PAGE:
By Robert C. Divine, Shareholder, Baker Donelson
DHS is in the process of issuing a proposed regulation that expands the situations when it can require collection of biometrics, which already included fingerprint, photo, and signature and now would include iris image, palm print, and voice print. Under the proposal, USCIS will require biometrics from principals of regional centers, including people who have ownership, control, or beneficial interest in entities that are regional center principals. USCIS probably will require biometrics with any I-924 request or I-924A annual report from any principal from whom biometrics have not already been taken, but USCIS could specially require a principal to submit to biometrics even outside of the filing cycle. Consulates and USCIS already obtain biometrics from EB-5 investors in the process of adjudicating applications for immigrant visa or adjustment of status, and then I-829 petitions. The rule authorizes USCIS to take biometrics from investors filing I-526, but since most of them file from outside the U.S. and become fingerprinted in becoming a conditional permanent resident it seems unlikely that USCIS will actually require biometrics at the I-526 stage.
Under a recently finalized rule changing many USCIS filing fee amounts taking effect on October 2, biometrics costs will be incorporated into the filing fees. Thus, it appears likely that the $17,795 fee for I-924, which will remain unchanged, will include the costs of biometrics from regional center principals. The new $4,465 filing fee for a regional center’s I-924A annual report apparently will include biometrics fees. The new $4,010 I-526 fee would include fees for any biometrics USCIS will require. The new $1,130 fee for I-485 adjustment of status will incorporate biometrics fees, but now the initial and extension work and travel authorization applications (I-765 and I-131) will require filing fees totaling an additional $1,000. The new $3,900 I-829 fee apparently will incorporate biometric fees for the investor and participating family. Before October 2, USCIS will need to issue new instructions to all the forms to clarify the filing fees and whether any separate biometrics fees are required anymore, especially for Form I-829.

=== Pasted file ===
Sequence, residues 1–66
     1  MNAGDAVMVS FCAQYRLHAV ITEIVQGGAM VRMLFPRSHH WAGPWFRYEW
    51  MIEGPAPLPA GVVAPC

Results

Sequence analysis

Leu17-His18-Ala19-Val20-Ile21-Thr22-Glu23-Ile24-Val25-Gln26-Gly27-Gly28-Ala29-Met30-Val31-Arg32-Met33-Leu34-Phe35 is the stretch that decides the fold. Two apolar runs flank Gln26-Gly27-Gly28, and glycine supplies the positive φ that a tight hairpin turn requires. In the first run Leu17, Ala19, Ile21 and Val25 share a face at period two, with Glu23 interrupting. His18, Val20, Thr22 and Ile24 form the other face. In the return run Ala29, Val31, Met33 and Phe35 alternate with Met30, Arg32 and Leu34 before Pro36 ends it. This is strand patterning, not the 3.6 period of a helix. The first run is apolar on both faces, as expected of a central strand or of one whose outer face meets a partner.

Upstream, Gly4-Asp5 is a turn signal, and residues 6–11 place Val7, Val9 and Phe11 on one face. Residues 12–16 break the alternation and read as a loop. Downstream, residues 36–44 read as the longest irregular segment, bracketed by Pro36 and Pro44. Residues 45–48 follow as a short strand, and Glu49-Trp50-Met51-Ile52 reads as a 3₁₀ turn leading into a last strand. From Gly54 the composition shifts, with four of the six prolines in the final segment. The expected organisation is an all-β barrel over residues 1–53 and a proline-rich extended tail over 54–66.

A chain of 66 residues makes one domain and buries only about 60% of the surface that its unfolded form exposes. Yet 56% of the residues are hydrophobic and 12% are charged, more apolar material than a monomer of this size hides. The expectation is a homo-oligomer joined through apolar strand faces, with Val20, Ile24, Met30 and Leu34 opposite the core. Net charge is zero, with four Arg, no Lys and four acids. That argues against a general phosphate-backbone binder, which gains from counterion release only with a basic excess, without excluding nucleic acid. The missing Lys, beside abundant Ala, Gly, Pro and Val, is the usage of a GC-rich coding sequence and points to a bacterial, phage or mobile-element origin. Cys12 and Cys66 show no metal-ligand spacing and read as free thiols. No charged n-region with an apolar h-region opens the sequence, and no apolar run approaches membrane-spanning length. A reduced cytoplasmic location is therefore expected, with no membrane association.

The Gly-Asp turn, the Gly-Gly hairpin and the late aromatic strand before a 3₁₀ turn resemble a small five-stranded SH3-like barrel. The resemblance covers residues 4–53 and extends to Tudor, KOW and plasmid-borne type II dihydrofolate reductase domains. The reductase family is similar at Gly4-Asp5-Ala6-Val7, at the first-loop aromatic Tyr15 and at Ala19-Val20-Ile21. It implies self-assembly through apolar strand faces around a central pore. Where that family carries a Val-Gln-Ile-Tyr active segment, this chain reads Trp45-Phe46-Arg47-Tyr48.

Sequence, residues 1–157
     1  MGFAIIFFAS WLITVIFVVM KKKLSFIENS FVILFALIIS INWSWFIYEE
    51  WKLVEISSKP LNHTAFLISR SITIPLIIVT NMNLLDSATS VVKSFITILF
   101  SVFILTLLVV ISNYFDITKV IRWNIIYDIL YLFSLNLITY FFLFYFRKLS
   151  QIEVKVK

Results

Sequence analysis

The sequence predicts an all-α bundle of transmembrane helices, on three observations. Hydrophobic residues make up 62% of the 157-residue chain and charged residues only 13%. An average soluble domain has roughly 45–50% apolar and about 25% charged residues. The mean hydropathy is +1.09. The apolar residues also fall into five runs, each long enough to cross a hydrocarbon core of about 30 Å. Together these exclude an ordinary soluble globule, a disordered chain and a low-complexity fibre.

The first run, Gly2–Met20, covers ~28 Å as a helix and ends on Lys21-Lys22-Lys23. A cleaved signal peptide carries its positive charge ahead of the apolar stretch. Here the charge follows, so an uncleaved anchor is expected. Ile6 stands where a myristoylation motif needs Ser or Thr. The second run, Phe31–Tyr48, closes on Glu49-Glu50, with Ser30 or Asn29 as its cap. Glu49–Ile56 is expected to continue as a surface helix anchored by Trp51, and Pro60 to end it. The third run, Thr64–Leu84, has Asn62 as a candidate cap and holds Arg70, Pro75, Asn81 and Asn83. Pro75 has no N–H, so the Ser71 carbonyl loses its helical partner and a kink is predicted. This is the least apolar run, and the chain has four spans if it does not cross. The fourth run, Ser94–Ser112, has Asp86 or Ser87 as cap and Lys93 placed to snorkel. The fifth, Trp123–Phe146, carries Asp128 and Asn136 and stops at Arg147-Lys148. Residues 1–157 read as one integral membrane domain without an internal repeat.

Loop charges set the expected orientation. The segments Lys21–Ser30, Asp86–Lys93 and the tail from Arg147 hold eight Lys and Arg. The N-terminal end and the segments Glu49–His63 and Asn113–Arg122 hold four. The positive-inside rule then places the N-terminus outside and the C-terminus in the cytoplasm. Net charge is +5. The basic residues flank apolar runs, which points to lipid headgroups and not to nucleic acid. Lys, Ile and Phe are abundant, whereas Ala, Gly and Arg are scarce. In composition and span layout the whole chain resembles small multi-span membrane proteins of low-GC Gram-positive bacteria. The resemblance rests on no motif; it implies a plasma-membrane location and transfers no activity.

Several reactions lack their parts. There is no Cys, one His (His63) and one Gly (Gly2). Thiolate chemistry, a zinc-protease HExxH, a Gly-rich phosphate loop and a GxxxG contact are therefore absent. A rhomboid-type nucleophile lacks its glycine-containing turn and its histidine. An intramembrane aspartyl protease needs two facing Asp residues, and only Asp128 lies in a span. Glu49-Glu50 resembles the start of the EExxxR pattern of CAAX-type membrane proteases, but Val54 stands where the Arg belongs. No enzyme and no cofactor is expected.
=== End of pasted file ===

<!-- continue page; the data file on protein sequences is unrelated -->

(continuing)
Below are excerpts from the 328-page proposal that USCIS has published in advance of its publication in the Federal Register, on Friday, September 11.
Comments to the proposed rule must be submitted within 30 days of formal publication (probably due October 11) through the Federal eRulemaking Portal at http://www.regulations.gov, identified by DHS Docket No. USCIS-2019-0007.
This document in Federal Register unpublished. It is scheduled to be published on 09/11/2020. Once it is published it will be available on this page in an official form. Until then, you can download the unpublished PDF version.